Here’s how the Financial Times missed the story – again

Yesterday, the Financial Times published a long feature entitled, “The rise and rise of Viktor Orbán.”

The article has long been in preparation and based on many interviews conducted in Budapest. I too sat down with the authors, Messrs. Buckley and Byrne, last August. One could have hoped that after so much time and effort, the finished product would have offered something new and insightful about the reasons for Prime Minister Orbán’s success or, in their words, why he continues to “rise and rise.”

Unfortunately, it seems the authors already reached their conclusion long before putting pen to paper, and what we get is another installment of the standard Financial Times narrative about Viktor Orbán. That once liberal democrat, the charming, young, radical activist has become a “nationalist-populist” and “turned Hungary into a semi-authoritarian regime” by “eroding judicial independence”, “appointing staunch loyalists to key positions” and quashing opposition. The prime minister is described as “enormously aggressive,” one who “change[s] his political ideology in pursuit of power.” The FT even goes as far as to describe the prime minister’s religious conversion as something that “paid off,” making it seem like a cynical, tactical maneuver.

If voters give Prime Minister Orbán and the ruling Fidesz-KDNP alliance another victory in the parliamentary elections on April 8th, they will have many reasons. Reasons that you will seldom if ever read in the Financial Times.

The FT reporters say very little, for example, about Hungary’s robust economic recovery, barely mentioning the latest economic figures. They do not write about how the government’s workfare policies have brought tens of thousands back to the active labor force. There’s nothing about the thousands of foreign currency-denominated loans that once hung like millstones around the necks of many Hungarian households but are now almost entirely eradicated. Barely a mention of the near default in 2008 and IMF bailout, ignoring that Hungary’s credit rating has gone from junk to investment grade again, national debt-to-GDP is declining and deficits under control. Hardly a mention of rising real wages and nothing about growing consumption or an upswing in investment and the lowest corporate tax in the EU at 9 percent. Nothing about support for families, including student loan forgiveness, child allowances and aid to first-time homeowners. The number of abortions has dropped dramatically and the number of marriages is rising.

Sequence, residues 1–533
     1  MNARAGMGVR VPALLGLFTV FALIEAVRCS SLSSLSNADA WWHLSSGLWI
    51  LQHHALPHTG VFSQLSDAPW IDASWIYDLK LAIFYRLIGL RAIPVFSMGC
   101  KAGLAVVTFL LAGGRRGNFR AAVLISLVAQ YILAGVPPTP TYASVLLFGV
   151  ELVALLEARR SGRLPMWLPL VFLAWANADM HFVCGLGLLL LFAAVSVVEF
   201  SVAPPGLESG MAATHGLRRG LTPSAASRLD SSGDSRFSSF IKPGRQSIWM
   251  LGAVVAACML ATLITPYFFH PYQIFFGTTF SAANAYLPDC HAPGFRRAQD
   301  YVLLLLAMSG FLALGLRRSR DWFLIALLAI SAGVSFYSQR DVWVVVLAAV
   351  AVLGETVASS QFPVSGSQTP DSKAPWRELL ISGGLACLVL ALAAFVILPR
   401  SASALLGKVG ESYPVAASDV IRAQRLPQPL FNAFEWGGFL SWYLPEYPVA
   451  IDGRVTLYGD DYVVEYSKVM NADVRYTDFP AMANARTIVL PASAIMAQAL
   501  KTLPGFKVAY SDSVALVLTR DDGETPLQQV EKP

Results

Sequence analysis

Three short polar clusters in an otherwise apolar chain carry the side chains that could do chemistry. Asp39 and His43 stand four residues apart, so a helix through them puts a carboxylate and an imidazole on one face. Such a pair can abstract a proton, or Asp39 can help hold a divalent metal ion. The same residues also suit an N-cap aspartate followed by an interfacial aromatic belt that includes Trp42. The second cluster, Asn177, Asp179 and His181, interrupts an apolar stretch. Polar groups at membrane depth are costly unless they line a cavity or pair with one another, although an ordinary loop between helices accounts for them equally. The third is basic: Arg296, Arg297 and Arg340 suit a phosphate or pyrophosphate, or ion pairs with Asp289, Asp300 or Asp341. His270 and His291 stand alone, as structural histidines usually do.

This story, the one that has most touched the daily lives of so many Hungarians, is missing from the FT coverage. How strange for a financial paper!

For the FT, George Soros will always be a “philanthropist” but never a political actor. He has given millions away “promoting democracy,” but they continue to deny the existence of a Soros plan to promote immigration to the EU, despite the fact that he has put it in writing. They ignore the millions he is spending on lobbying in the US and support for NGOs that are pushing an aggressive, ideologically-driven political agenda. They quote Soros’ criticisms, including the false claim that the prime minister gave his father a quasi-monopoly in mining (in fact, his father’s business has only 4-6 percent market share). The FT narrative ignores the fact that Soros and his Open Society network are meddling in politics.

These FT reporters write about a “razor-wire” border fence that was built “to keep out refugees (sic) from Syria and the Middle East” (sic), but fail to acknowledge that Hungary has protected an external border of the EU – and the precious Schengen zone. We have reduced illegal immigration to near zero at that border and fulfilled our treaty obligations with measures that enjoy widespread voter support.

The story of Viktor Orbán – from the days of his speech on Heroes’ Square in 1989 calling for the withdrawal of Soviet troops to the present day and his calls for transparency of foreign-funded political actors, insistence that Hungary has the right to decide its own immigration policy and determination to make Hungarians masters of their own economic future – is one of a Hungarian patriot. The prime minister believes fervently in the Hungarian people and fights to defend our national interest.

But you won’t read that story in the Financial Times.